Quantcast
Environmental News for a Healthier Planet and Life

This Super Sustainable House Can Be Built in One Day

Business

A Dutch design firm has redefined living by creating a house that doesn't need a foundation, can be built in one day and is three times more sustainable than a normal house.

Photo credit: Wikkelhouse

The Wikkelhouse, designed by Fiction Factory in Amsterdam, is built by snapping multiple 1.2 meter (4 feet) wide sections together. Each section is made by wrapping a basic house shape with curved edges in 24 layers of cardboard that are glued together. The sections are then finished with waterproof, breathable foil and covered with a layer of wood paneling for extra protection.

"Using cardboard as its main building material, Wikkelhouse is a cutting-edge sustainable house with a beautiful design and exceptional constructive strength," the website explains.

With the flexible construction process, a house can range from the standard order of three sections to as many as desired.

Each section of the Wikkelhouse only weighs 500 kilos (1,100 pounds). It can be taken apart and moved easily when you want to relocate or remodel. You can place the house on the beach, in your backyard or even on top of a building, Fiction Factory boasts.

Photo credit: Wikkelhouse

Despite being lightweight, the Wikkelhouse is durable and has a minimum life span of 50 years. The wood outer layer is designed to protect the house from all types of weather elements and events. The cardboard layers also provide maximum insulation, cutting down on energy costs for the owner.

The Wikkelhouse is designed to accommodate a kitchen, bathroom and bedrooms, making it fully functional. Customers can pick the inside wall and floor design as well as glazed or opaque facades.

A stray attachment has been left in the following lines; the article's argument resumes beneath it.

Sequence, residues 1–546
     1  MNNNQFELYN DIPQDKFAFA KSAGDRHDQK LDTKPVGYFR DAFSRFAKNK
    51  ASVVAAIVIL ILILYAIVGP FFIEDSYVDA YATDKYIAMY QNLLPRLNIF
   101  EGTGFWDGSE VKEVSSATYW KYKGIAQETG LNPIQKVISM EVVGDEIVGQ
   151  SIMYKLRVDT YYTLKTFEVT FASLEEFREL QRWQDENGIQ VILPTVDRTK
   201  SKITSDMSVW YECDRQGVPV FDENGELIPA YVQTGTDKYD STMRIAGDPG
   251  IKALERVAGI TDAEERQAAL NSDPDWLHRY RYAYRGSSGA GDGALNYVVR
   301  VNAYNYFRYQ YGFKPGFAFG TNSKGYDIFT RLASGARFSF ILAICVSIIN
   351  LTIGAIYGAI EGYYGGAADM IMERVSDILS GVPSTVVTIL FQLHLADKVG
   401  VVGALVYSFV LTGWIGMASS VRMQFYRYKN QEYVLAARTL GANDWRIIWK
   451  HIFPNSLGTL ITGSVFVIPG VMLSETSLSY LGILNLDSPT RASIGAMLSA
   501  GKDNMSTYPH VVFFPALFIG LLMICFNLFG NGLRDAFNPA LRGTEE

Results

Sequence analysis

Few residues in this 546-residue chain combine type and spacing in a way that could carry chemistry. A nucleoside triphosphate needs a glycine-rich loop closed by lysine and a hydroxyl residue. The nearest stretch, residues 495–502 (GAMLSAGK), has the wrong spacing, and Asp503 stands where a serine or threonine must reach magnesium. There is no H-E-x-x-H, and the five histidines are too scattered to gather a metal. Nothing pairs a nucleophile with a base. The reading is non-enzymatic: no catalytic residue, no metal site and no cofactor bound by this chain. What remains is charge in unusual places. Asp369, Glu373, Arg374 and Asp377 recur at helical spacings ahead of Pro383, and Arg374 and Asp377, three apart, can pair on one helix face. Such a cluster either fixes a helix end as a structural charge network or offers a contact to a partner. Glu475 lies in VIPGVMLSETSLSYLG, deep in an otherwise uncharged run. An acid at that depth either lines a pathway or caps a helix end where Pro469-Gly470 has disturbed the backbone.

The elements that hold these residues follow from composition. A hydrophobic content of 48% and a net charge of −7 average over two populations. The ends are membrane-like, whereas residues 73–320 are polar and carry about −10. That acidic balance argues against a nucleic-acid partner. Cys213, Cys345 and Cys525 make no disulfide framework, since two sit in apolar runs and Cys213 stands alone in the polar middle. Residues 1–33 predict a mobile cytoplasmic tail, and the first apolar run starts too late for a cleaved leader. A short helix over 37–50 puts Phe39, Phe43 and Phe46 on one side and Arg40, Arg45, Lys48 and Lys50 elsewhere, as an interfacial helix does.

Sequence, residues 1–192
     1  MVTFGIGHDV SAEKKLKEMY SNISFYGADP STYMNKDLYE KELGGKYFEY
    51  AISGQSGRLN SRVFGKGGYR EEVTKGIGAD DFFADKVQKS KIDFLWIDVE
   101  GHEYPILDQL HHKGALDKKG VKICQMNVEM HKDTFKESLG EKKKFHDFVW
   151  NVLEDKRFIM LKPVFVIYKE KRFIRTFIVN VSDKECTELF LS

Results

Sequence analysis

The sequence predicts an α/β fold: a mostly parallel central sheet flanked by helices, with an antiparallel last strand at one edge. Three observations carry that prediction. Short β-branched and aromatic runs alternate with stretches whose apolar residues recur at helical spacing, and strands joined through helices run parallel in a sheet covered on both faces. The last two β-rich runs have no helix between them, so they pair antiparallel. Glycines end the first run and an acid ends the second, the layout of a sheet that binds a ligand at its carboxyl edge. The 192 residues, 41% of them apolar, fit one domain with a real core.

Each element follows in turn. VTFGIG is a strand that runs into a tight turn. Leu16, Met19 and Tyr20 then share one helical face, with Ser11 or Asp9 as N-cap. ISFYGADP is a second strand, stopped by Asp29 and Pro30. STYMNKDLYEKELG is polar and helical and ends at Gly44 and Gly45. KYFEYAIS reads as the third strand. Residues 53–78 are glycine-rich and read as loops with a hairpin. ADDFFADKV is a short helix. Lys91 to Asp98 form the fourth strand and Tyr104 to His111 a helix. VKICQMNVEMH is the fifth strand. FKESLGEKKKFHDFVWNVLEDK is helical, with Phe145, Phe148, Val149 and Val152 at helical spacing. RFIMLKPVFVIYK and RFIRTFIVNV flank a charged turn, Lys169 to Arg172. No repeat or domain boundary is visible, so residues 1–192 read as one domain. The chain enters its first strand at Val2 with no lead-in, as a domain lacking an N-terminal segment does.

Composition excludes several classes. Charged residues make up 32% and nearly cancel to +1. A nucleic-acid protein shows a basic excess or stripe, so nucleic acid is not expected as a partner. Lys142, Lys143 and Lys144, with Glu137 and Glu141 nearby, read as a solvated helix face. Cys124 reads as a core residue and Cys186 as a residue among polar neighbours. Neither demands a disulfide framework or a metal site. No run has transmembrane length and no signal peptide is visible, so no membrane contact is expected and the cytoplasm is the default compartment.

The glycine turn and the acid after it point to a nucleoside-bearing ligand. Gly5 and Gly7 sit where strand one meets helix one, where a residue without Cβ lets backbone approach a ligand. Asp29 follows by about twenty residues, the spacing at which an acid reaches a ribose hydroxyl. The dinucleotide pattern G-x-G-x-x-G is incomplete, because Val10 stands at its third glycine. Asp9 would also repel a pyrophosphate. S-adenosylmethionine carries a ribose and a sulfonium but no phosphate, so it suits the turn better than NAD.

Photo credit: Wikkelhouse

Fiction Factory only produces 12 homes a year to maintain optimum quality control, each selling for 25,000 Euros or around $28,000. There is a wait list for orders.

YOU MIGHT ALSO LIKE

17 Young Social Entrepreneurs Who Are Making the World a Better Place

Legalization of Industrial Hemp in America Is a No-Brainer, Says New Patagonia Film

Bike-Powered Farming Program Turns Lawns Into Urban Farms

Leonardo DiCaprio Invests in Runa, Donates All His Shares to Ecuadorian Farmers

EcoWatch Daily Newsletter

Pexels

By Zak Smith

It is pretty amazing that in this moment when the COVID-19 outbreak has much of the country holed up in their homes binging Netflix, the most watched show in America over the last few weeks has been focused on wildlife trade — which scientists believe is the source of the COVID-19 pandemic. Make no mistake: Tiger King: Murder, Mayhem and Madness is about wildlife trade and other aspects of wildlife exploitation, just as surely as the appearance of Ebola, SARS, MERS, avian flu and probably COVID-19 in humans is a result of wildlife exploitation. As a conservationist, this is one of the things I've been thinking about while watching Tiger King. Here are five more:

Read More Show Less
Pexels

By Hector Chapa

With the coronavirus pandemic quickly spreading, U.S. health officials have changed their advice on face masks and now recommend people wear cloth masks in public areas where social distancing can be difficult, such as grocery stores.

But can these masks be effective?

Read More Show Less
Sponsored
Jörg Carstensen / picture alliance via Getty Images

By Carey Gillam

Bayer AG is reneging on negotiated settlements with several U.S. law firms representing thousands of plaintiffs who claim exposure to Monsanto's Roundup herbicides caused them to develop non-Hodgkin lymphoma, sources involved in the litigation said on Friday.

Read More Show Less
Tom Werner / DigitalVision / Getty Images

By Jillian Kubala, MS, RD

With many schools now closed due to the current COVID-19 outbreak, you may be looking for activities to keep your children active, engaged, and entertained.

Although numerous activities can keep kids busy, cooking is one of the best choices, as it's both fun and educational.

Read More Show Less
In Germany's Hunsrück village of Schorbach, numerous photovoltaic systems are installed on house roofs, on Sept. 19, 2019. Thomas Frey / Picture Alliance via Getty Images

Germany's target for renewable energy sources to deliver 65% of its consumed electricity by 2030 seemed on track Wednesday, with 52% of electricity coming from renewables in 2020's first quarter. Renewable energy advocates, however, warned the trend is imperiled by slowdowns in building new wind and solar plants.

Read More Show Less